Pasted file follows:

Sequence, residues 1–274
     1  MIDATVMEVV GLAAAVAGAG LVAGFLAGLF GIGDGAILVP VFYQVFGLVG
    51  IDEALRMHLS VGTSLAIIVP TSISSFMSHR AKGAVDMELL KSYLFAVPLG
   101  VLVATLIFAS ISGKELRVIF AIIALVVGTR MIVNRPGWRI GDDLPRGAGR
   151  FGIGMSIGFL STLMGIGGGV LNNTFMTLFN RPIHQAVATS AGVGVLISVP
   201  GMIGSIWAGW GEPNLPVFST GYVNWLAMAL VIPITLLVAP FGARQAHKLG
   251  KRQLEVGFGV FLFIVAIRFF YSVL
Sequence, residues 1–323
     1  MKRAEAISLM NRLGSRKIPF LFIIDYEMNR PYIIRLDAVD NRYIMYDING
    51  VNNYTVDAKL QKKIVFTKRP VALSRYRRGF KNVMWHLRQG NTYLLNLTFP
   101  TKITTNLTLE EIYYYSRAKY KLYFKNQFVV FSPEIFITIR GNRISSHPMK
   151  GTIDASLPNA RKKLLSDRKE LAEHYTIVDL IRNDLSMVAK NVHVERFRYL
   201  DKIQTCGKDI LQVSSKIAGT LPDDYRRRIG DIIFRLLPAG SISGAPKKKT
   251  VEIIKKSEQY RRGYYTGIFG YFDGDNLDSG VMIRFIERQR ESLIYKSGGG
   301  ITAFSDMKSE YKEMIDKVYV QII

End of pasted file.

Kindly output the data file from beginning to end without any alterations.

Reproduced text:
Sequence, residues 1–274
     1  MIDATVMEVV GLAAAVAGAG LVAGFLAGLF GIGDGAILVP VFYQVFGLVG
    51  IDEALRMHLS VGTSLAIIVP TSISSFMSHR AKGAVDMELL KSYLFAVPLG
   101  VLVATLIFAS ISGKELRVIF AIIALVVGTR MIVNRPGWRI GDDLPRGAGR
   151  FGIGMSIGFL STLMGIGGGV LNNTFMTLFN RPIHQAVATS AGVGVLISVP
   201  GMIGSIWAGW GEPNLPVFST GYVNWLAMAL VIPITLLVAP FGARQAHKLG
   251  KRQLEVGFGV FLFIVAIRFF YSVL
Sequence, residues 1–323
     1  MKRAEAISLM NRLGSRKIPF LFIIDYEMNR PYIIRLDAVD NRYIMYDING
    51  VNNYTVDAKL QKKIVFTKRP VALSRYRRGF KNVMWHLRQG NTYLLNLTFP
   101  TKITTNLTLE EIYYYSRAKY KLYFKNQFVV FSPEIFITIR GNRISSHPMK
   151  GTIDASLPNA RKKLLSDRKE LAEHYTIVDL IRNDLSMVAK NVHVERFRYL
   201  DKIQTCGKDI LQVSSKIAGT LPDDYRRRIG DIIFRLLPAG SISGAPKKKT
   251  VEIIKKSEQY RRGYYTGIFG YFDGDNLDSG VMIRFIERQR ESLIYKSGGG
   301  ITAFSDMKSE YKEMIDKVYV QII